Everyone has multiple accounts, perhaps old emails or logins for websites that we no longer use. However, it’s important to close these when you no longer need them. Leaving an account open is another location for your data or contact information to be taken from.

    This can apply to everything from online resourcing tools, shopping accounts, memberships and student software. If you don’t use it and won’t again in the future, consider closing the account down.

    10. Turn off networks when you are not using them

    There are forms of hacking and viruses that can infect devices even when you are not actively using them. To keep this from happening, it’s best to switch off any networks when you are not using them. It will also give your antivirus software a chance to scan everything and start fresh the next time you begin to surf the web.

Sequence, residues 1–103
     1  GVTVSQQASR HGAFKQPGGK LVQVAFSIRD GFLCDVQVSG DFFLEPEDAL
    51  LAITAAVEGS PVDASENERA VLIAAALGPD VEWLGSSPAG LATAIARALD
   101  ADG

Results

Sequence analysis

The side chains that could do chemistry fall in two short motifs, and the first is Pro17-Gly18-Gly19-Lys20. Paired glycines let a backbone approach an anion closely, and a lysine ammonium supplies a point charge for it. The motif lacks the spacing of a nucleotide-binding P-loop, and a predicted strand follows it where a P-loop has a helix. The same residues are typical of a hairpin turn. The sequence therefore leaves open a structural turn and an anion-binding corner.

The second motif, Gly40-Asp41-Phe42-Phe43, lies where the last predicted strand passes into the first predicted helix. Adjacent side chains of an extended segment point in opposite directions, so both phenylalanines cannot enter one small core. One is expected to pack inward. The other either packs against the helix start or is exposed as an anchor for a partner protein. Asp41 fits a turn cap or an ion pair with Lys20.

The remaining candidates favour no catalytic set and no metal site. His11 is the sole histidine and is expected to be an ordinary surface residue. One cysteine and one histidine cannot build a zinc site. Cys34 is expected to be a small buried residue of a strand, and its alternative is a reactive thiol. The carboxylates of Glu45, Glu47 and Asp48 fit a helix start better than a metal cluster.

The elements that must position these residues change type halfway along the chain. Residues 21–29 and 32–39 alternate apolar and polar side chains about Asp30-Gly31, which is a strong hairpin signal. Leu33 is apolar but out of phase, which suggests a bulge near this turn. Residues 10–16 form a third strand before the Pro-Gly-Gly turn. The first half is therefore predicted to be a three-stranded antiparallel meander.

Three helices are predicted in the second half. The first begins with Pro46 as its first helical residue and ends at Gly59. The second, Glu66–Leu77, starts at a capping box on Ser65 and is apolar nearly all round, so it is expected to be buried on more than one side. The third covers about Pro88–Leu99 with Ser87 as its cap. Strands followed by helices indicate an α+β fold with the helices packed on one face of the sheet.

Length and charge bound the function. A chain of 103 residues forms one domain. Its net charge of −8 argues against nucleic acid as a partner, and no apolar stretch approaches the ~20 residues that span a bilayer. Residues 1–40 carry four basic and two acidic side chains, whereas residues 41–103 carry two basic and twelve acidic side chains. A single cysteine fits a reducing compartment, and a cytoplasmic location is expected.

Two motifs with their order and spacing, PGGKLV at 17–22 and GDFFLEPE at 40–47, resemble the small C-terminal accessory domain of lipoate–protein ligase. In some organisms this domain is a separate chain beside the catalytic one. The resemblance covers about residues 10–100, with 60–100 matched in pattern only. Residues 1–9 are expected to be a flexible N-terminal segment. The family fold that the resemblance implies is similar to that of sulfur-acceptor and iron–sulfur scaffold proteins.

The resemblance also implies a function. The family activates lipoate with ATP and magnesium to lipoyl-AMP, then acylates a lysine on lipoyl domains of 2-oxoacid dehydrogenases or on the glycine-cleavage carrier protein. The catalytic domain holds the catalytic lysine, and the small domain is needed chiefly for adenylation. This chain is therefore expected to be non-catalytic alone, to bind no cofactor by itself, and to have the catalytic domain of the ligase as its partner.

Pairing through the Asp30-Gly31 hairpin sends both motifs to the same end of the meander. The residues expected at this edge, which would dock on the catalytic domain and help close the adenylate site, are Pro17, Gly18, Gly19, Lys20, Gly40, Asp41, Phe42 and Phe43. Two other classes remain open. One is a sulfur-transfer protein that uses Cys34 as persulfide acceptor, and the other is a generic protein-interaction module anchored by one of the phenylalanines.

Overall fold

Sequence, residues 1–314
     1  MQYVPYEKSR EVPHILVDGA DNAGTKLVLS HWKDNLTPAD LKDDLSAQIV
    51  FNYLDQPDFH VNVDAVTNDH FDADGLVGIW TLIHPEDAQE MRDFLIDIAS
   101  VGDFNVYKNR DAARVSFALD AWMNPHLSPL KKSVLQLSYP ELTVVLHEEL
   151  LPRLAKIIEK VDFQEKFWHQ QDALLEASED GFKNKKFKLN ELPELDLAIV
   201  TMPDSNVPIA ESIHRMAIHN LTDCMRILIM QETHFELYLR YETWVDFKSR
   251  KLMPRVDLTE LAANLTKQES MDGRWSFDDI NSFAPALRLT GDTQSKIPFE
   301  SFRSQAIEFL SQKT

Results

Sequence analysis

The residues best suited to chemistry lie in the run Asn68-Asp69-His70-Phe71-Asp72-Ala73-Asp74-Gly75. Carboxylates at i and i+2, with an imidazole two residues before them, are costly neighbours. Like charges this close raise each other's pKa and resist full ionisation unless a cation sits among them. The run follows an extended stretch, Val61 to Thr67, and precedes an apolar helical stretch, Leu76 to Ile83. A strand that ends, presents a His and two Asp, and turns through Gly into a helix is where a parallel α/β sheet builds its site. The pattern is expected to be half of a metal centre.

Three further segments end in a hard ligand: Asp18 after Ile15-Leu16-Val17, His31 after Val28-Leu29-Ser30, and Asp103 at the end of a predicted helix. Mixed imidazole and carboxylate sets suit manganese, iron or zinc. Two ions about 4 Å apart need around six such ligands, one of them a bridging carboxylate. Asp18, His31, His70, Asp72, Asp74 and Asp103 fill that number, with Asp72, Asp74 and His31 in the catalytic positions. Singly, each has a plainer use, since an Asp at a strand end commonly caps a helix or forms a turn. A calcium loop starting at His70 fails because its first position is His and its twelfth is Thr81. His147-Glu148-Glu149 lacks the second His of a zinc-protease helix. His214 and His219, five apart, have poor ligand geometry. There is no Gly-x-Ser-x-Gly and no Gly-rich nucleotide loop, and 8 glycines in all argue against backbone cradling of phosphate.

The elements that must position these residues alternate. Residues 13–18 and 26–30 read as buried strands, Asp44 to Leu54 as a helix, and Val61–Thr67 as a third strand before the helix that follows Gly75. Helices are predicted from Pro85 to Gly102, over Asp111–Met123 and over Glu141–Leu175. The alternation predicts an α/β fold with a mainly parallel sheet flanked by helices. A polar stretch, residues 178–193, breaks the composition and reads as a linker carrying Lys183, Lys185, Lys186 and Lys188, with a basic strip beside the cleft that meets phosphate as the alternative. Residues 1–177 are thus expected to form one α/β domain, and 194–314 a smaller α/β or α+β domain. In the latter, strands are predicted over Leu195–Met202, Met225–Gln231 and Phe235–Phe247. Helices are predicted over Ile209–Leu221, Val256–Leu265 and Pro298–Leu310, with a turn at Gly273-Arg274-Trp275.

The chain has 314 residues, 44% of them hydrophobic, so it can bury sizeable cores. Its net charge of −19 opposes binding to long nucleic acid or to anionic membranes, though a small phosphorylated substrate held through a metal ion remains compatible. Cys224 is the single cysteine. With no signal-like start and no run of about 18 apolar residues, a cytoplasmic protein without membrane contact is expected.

11. Don’t overshare on social media

    Data is not just something that can be stolen through hacking or viruses. Nowadays, everyone lives on social media, and we like to share what we are up to with our friends and family. However, if you have public accounts or you have contacts you don’t know that well on your accounts, oversharing can be dangerous.

    Always think before “checking in” online. Who can see this? Do I want people to know where I am right now? Remember that you can always post your review after you leave. Perhaps you’re sharing a selfie but just check, do I have private information or an assignment in the background, can they see my computer screen with my login details? These are all questions you should ask before sharing anything online to keep your data secure and yourself safe.